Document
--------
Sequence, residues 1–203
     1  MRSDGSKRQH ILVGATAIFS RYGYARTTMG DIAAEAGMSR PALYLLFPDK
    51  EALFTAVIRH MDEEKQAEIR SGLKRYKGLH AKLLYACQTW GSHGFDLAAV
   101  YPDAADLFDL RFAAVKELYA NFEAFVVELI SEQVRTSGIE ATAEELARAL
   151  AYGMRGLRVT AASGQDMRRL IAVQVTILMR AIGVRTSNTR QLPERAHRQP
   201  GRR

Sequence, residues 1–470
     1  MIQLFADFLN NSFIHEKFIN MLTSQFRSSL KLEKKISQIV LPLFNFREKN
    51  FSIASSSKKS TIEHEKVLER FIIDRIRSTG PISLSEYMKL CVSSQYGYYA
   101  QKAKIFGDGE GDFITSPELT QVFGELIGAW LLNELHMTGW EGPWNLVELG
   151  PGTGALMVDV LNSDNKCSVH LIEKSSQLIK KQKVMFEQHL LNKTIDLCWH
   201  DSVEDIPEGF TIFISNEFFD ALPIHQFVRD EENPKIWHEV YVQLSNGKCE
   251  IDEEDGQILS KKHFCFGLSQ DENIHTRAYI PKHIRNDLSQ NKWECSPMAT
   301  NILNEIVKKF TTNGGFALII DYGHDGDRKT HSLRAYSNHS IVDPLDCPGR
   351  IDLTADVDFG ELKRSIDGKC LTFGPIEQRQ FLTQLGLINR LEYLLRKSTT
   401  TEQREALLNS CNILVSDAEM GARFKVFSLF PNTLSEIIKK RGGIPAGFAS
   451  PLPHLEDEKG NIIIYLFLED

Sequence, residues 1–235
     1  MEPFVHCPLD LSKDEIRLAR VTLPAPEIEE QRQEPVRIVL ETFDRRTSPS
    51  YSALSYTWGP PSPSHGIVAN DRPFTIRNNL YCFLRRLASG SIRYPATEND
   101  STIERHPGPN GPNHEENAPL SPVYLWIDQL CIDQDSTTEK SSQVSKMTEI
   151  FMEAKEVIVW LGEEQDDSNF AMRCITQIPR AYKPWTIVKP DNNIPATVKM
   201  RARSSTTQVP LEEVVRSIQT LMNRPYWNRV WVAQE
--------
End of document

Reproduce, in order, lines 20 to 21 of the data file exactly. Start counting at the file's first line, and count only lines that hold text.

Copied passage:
    51  YSALSYTWGP PSPSHGIVAN DRPFTIRNNL YCFLRRLASG SIRYPATEND
   101  STIERHPGPN GPNHEENAPL SPVYLWIDQL CIDQDSTTEK SSQVSKMTEI